Adam Staten is a GP in Milton Keynes and is on Twitter @adamstaten.

In the last forty years there have been at least fifteen major structural reforms to the NHS. These have frequently been cyclical, rapidly and incoherently implemented, with very little analysis of why each reform has failed to deliver what it was intended to before the next one is begun.1

Amongst the latest and most notorious of these changes were those introduced by the Health and Social Care Act 2012. Those reforms resulted in the dismantlement of 162 organisations and the establishment of between 500 and 600 new ones and they are conservatively estimated to have cost about £1.15 billion. The changes were so cack-handedly implemented that the King’s Fund almost immediately commissioned a report entitled ‘Never Again?’.2

And yet a few short years later, we in primary care are a few weeks away from another major reform that even at first glance is so obviously filled with inconsistency and magical thinking that the seeds of its failure seem to be sown at its inception. As ever, the details of the plan are not clear but it falls on us to implement it at breakneck speed.

It seems that some of us are going to serve our patients better by seeing less of them.

The intention is good, providing for collaborative working, economies of scale, and a funded multi-disciplinary team to support us in our work, but the implementation is bizarre. Whilst the formation of primary care networks is supposed to represent bottom up reform that allows us to dynamically meet the needs of our local population we are told more or less exactly how to do this with a standardised approach. For example, funding for allied health professionals is welcome but why are we told who to employ and even when we should start employing them? Surely our local demography and system pressures should dictate who joins our team?

At a time of a stretched and dwindling workforce, every 30-50,000 patients in the country is now also going to lose a day a week of GP time in order to provide network clinical directors. It seems that some of us are going to serve our patients better by seeing less of them. I am sure I am not alone in already having spent hours sat around tables discussing network agreements, voting arrangements, even a new name for the network, rather than attending to clinical duties.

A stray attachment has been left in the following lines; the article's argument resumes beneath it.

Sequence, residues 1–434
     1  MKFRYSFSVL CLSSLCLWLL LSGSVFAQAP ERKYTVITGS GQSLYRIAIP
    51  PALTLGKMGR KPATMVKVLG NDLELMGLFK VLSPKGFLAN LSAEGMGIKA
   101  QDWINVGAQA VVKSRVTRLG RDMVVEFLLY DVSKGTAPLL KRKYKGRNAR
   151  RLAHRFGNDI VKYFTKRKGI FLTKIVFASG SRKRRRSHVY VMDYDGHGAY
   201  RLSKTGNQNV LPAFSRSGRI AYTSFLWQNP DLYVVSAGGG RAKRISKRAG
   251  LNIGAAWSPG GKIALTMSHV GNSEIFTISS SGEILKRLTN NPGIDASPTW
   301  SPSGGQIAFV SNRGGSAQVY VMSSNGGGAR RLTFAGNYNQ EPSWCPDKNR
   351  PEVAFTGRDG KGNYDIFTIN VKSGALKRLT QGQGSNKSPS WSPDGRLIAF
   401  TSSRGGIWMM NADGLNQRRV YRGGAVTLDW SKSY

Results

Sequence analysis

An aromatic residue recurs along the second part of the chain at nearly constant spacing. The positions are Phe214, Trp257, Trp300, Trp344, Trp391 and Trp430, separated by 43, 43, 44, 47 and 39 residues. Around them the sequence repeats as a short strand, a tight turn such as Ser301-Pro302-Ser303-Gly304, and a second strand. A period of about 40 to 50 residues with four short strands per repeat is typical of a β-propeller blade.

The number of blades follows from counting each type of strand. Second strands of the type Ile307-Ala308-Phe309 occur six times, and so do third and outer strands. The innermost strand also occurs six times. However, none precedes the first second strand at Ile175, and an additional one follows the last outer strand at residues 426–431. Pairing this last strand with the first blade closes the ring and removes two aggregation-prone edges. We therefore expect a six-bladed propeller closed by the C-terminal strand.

We can however choose who we work with, unless we choose wrongly in which case we will be told who to work with. And the network DES is of course voluntary, giving us the option of either voluntarily delivering it, or voluntarily going out of business.

With talk of the need to form boards, sub-committees, and legal entities, what enthusiasm there was for the changes seems to be rapidly ebbing away and already people seem to be talking quietly of just doing the minimum necessary to grab the funding on offer whilst waiting for the whole scheme to fall over.

Personally I think there is a lot of merit in the idea of us working more closely together but the implementation of primary care networks is too fast, too forced, and too formulaic either to achieve its aims or to get the buy in of the people who will have to make it happen. If this is going to work we need to be trusted to do it in ways that suit our local workforce and our local patient population.

 

 

Featured image by Andrew Martin from Pixabay